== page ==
Poll: Obama not hurt by pastor
Democrats Are Tied in New Poll
Prolonged Contest Is Starting to Wear On Clinton,
By JACKIE CALMES
March 27, 2008
WASHINGTON -- The racially charged debate over Barack
Obama's relationship with his longtime pastor hasn't
much changed his close contest against Hillary
Clinton, or hurt him against Republican
nominee-in-waiting John McCain, according to a new
Wall Street Journal/NBC News poll.
Democratic pollster Peter Hart, who conducts the
Journal/NBC polls with Republican pollster Bill
McInturff, called the latest poll a "myth-buster" that
showed the pastor controversy is "not the beginning of
the end for the Obama campaign."
Myth-Buster: A new poll says the controversy over
Sen. Barack Obama's former pastor hasn't hurt his
Bruising Fight: The battle for the nomination is
wounding both Sen. Obama and Sen. Hillary Clinton.
Ominous Sign: Sen. Clinton is losing ground among
But both Democrats, and especially New York's Sen.
Clinton, are showing wounds from their prolonged and
increasingly bitter nomination contest, which could
weaken the ultimate nominee for the general-election
showdown against Sen. McCain of Arizona. Even among
women, who are the base of Sen. Clinton's support, she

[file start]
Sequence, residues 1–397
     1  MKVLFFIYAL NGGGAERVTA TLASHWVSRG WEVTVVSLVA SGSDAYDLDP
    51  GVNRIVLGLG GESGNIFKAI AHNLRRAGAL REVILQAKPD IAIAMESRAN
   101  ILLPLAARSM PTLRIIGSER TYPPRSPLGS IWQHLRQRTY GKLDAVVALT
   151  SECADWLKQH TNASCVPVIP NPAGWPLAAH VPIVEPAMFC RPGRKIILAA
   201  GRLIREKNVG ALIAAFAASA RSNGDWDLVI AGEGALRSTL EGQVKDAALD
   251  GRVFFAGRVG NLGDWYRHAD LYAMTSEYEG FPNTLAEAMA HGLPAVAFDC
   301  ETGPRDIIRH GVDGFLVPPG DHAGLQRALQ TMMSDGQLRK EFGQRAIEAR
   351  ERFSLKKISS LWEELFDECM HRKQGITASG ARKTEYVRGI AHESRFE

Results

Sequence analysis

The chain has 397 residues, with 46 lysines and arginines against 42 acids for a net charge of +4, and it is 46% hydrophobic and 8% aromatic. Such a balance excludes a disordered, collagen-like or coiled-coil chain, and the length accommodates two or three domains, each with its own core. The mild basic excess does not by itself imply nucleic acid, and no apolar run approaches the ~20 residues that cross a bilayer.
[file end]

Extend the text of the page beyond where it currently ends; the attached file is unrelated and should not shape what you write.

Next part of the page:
now is viewed negatively by more voters than
positively for the first time in a Journal/NBC poll.
The latest survey has the Democratic rivals in a dead
heat, each with 45% support from registered Democratic
voters. That is a slight improvement for Sen. Obama,
though a statistically insignificant one, from the
last Journal/NBC poll, two weeks ago, which had Sen.
Clinton leading among Democratic voters, 47% to 43%.
While Sen. Clinton still leads among white Democrats,
her edge shrank to eight points (49% to 41%) from 12
points in early March (51% to 39%). That seems to
refute widespread speculation -- and fears among Sen.
Obama's backers -- that he would lose white support
for his bid to be the nation's first African-American
president over the controversy surrounding his former
pastor, the Rev. Jeremiah Wright Jr. of Chicago.
Had that erosion happened, party leaders' reassessment
of Sen. Obama's electability could have tipped the
race to Sen. Clinton's favor. Weathering the episode
could strengthen his standing among the party leaders
nationwide -- the superdelegates -- whose votes are
likely to break the impasse.
Beyond the nomination race, in hypothetical matchups
for November's election Sen. Obama still edges Sen.
McCain 44% to 42%. That is nearly the same result as
in the early March poll, before videos of Mr. Wright's
most fiery sermons spread over the Internet. But Sen.
Clinton, who likewise had a narrow advantage over Sen.
McCain in the earlier survey, trails in this one by
two points, 44% to his 46%.
The poll was conducted Monday and Tuesday, a week
after Sen. Obama delivered a generally well-received
address on race. The poll's margin for error is 3.7
percentage points for questions put to a cross-section
of 700 registered voters, and slightly higher for
those questions put only to subgroups of Democratic,
Republican or black voters.
As reassuring as the poll is for Sen. Obama, Mr. Hart
and Mr. McInturff agreed that it did indicate that a